Established vs. emerging: A founder's guide to market mastery


This guide offers a deep dive into the primary differences between established and emerging markets. Discover strategies to identify product-market fit, redefine success beyond conventional KPIs, and build a forward-looking business model suited for tomorrow's world.

Emerging markets are ripe with opportunities. At Classiq, we’ve been navigating our own emerging market by focusing on innovation and the future potential of quantum computing. The work we’re doing will pave the way for widespread adoption of our quantum computing software as the market matures.

In this guide, you’ll learn the primary differences between established and emerging markets, how to spot the right product-market fit in both situations, and how you can build a startup for the future if you’re carving a new path with your technology.

What is an emerging market?

For startups, emerging markets are less about what works right now, and more about what will be needed in the future.

From my perspective as a founder plotting a course toward the future, there are two types of emerging markets:

The first one is a situation where a mature technology is looking for a use case. The technology is compelling and holds untapped potential, even if the founder hasn’t made a solid business case yet. Think of the early days of blockchain or Web3 technologies — lots of buzz, but the path to profitability and practical application wasn't clear.

The other scenario in an emerging market is when a promising technology exists, but it's not quite ready for prime time. Autonomous vehicles and quantum computing are great examples — these are areas with immense opportunity, and known applications that could change entire industries. However, we’re still exploring their full potential, and the return on investment isn't immediate because the technology needs to mature.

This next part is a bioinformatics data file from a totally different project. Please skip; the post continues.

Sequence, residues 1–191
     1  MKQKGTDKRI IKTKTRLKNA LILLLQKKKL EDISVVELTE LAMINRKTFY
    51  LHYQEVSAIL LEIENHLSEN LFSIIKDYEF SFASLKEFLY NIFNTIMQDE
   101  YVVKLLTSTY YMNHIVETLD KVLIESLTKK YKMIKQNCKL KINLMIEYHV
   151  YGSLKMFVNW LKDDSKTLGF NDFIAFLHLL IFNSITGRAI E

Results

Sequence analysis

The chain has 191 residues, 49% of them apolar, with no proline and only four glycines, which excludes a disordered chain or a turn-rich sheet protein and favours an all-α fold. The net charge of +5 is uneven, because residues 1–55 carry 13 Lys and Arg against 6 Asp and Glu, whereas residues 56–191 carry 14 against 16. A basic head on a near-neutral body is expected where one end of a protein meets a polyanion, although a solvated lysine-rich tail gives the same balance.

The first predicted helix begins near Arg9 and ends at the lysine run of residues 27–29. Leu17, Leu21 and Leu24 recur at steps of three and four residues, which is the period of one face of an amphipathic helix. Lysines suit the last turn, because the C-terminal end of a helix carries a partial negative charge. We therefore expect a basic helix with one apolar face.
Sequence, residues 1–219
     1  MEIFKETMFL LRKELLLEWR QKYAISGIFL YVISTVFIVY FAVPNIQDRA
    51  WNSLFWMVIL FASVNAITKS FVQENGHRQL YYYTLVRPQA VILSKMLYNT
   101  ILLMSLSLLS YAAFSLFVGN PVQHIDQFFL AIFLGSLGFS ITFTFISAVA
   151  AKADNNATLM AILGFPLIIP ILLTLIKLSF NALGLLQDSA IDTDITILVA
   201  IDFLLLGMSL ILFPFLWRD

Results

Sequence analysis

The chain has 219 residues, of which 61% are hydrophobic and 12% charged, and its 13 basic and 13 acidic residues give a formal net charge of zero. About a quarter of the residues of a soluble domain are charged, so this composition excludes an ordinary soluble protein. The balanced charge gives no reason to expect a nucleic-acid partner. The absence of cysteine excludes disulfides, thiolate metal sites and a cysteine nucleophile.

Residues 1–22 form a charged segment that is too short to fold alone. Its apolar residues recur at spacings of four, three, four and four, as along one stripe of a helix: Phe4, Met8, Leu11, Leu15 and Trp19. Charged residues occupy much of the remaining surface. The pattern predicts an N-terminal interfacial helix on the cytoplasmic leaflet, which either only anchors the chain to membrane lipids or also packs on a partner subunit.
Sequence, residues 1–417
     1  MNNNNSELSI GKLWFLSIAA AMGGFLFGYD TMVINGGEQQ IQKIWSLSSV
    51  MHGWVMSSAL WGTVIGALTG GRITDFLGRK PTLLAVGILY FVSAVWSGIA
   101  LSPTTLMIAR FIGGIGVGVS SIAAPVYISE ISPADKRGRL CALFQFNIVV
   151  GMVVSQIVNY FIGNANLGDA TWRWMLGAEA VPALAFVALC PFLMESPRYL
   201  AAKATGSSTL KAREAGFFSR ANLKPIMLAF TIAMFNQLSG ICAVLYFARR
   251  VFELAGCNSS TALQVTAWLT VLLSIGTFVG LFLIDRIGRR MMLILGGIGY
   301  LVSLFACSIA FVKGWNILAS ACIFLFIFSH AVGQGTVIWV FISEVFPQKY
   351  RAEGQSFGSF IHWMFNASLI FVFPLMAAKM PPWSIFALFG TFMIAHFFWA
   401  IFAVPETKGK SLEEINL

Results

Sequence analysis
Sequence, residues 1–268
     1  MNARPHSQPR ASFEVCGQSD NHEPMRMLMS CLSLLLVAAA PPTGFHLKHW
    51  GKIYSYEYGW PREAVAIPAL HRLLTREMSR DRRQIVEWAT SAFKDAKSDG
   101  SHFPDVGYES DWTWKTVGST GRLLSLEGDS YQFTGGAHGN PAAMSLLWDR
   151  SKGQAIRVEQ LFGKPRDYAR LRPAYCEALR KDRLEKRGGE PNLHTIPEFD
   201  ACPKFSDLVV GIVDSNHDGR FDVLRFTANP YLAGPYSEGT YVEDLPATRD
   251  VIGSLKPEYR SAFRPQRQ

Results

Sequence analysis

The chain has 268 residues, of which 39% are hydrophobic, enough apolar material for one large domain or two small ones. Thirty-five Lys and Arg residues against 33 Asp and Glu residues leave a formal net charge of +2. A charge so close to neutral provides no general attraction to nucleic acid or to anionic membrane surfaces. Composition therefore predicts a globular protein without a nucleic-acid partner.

If you’re launching a product in either of these types of emerging markets, you must “build for the future” and think ahead. If you're creating a product, make sure it's something that will still be relevant down the line.

How are product-market fit signals different in established and emerging markets?

The signals that indicate product-market fit differ markedly between established and emerging markets.

Measuring KPIs

In established markets, conventional KPIs like revenue, return on investment (ROI), and user count are important. They offer a clear view of a product’s success and market acceptance.

In emerging markets, KPIs tend to be specialized and unique. You might gauge success by academic acclaim — such as getting research published in respected journals — or even by opportunities like speaking engagements. These metrics hint at the market’s recognition of your product's potential and intellectual value.

Understanding users

For established markets, the number of users is a critical metric, and ideally you’re looking for a large potential user base to tap into.

You’ll have a more modest user base in an emerging market. You’ll need to shift to engaging with a smaller group of sophisticated users who are focused on tomorrow’s use cases for your product. It's about quality and foresight over quantity.

Navigating competition

Established markets demand rigorous competitive analysis. You’ll need to know exactly what makes your products different and better.